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Asylum Seekers File Class Action Lawsuit Against DHS

Released on Fri, Jul 01, 2016

Washington D.C. - The U.S. Government has placed unnecessary hurdles in front of asylum seekers who are attempting to file asylum applications within the required time period. In fact, bureaucratic obstacles, a well-documented court backlog, and jurisdictional disputes between agencies often make it impossible for individuals to file their asylum applications by the deadline, leaving them ineligible for asylum and subject to deportation. 

In an attempt to bring order and fairness to what has become an overly bureaucratic and chaotic process, today, 4 asylum-seekers filed a class action lawsuit challenging the Department of Homeland Security’s (DHS) failure to advise them of the deadline for filing their asylum applications, as well as both DHS’s and the immigration courts’ failure to adopt procedures which would ensure that an individual is able to file an asylum application by the deadline.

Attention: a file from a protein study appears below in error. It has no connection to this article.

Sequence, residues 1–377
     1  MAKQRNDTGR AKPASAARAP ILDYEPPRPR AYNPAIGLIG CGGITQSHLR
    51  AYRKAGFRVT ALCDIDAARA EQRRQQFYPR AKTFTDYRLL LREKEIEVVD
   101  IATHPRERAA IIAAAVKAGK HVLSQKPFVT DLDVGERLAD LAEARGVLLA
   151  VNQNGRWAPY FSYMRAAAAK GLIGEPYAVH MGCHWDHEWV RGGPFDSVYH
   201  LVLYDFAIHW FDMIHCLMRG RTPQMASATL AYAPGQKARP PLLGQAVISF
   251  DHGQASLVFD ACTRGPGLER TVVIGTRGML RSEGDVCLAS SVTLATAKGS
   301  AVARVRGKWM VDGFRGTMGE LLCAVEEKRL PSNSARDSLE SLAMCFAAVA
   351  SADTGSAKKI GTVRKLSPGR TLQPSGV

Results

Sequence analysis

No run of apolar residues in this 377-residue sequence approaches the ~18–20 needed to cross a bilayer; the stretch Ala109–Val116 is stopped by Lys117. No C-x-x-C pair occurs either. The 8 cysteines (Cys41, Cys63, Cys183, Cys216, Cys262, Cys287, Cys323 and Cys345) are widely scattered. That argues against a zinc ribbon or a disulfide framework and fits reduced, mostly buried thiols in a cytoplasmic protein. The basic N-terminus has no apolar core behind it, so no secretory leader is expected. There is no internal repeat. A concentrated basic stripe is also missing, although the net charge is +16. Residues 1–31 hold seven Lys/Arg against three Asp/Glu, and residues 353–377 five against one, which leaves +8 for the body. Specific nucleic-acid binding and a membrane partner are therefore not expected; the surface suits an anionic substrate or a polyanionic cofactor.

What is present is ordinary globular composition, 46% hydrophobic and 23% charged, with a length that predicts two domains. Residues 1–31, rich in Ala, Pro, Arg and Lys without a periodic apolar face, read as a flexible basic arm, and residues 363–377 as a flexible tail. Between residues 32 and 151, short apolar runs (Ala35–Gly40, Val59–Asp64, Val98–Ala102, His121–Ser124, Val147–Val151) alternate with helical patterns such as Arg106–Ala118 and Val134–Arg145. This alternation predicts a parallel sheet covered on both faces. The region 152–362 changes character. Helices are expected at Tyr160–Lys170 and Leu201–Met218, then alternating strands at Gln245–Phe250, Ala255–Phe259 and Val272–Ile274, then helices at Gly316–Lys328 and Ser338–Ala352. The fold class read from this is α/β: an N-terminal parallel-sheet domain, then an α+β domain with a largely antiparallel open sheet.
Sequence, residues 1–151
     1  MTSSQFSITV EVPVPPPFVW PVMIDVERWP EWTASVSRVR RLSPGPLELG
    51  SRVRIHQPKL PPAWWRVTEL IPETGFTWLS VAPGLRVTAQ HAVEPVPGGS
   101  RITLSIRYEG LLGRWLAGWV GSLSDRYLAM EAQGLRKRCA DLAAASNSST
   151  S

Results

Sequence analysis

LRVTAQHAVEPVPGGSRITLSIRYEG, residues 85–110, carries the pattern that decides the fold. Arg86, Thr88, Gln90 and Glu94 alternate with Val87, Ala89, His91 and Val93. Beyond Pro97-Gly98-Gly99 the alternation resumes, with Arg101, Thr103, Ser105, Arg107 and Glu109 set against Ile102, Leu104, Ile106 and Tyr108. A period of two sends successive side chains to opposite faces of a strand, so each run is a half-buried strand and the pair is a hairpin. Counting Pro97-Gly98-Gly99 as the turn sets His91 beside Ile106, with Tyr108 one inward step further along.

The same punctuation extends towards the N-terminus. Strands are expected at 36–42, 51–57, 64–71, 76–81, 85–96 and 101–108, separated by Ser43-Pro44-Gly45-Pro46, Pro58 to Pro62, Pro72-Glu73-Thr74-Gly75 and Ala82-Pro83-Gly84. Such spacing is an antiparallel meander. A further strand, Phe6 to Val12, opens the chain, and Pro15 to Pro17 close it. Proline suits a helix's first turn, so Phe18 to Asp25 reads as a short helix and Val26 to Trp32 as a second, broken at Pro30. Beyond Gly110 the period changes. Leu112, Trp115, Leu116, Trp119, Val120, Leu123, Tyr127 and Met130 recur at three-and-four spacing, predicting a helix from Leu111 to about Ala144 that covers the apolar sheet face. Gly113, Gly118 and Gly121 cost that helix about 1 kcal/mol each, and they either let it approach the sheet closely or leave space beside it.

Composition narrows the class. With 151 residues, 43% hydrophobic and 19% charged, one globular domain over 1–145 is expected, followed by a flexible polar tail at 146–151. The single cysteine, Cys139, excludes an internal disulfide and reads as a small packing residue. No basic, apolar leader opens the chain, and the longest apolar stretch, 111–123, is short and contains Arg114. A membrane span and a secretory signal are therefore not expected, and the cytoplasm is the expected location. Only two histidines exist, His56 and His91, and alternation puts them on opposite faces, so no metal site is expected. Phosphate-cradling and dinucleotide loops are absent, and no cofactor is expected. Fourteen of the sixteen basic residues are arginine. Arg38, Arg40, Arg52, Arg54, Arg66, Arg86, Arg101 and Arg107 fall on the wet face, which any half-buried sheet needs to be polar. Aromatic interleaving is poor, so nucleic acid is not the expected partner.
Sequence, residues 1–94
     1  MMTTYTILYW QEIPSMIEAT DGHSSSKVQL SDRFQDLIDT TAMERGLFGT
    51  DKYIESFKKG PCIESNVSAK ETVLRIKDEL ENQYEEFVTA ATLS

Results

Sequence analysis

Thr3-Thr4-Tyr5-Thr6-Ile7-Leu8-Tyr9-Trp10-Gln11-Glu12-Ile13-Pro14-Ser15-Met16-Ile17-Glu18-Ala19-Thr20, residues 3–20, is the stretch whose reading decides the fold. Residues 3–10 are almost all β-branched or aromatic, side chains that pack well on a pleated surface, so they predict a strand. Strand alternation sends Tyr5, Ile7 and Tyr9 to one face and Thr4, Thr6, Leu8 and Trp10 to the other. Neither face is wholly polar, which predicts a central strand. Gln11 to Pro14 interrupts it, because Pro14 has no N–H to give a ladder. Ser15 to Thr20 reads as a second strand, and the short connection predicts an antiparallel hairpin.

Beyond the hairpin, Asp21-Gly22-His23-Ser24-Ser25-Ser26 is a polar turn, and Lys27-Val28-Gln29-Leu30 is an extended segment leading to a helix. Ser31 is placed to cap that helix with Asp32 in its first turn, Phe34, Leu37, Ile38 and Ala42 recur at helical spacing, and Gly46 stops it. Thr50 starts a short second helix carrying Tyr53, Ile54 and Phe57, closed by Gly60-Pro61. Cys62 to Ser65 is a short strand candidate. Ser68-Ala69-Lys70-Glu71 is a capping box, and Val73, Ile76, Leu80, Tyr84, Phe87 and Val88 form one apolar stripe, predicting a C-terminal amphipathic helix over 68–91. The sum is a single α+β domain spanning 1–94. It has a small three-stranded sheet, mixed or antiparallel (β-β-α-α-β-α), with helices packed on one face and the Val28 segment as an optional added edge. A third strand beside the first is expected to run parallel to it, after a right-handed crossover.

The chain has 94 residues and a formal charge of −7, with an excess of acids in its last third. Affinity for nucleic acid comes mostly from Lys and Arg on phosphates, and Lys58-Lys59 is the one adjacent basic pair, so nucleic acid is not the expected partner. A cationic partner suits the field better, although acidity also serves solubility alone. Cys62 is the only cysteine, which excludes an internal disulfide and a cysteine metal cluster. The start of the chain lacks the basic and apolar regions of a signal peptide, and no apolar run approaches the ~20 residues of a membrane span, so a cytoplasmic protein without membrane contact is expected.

Plaintiffs, represented by the American Immigration Council, Northwest Immigrant Rights Project, Dobrin & Han, PC, and the National Immigration Project of the National Lawyers Guild, sue on behalf of themselves and all other individuals in the United States who are in the same situation.
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Why Did They Leave Home?

Why Did They Leave Home? exposes primary grade students to the multiple reasons why people choose to immigrate to America and the challenges immigrants face.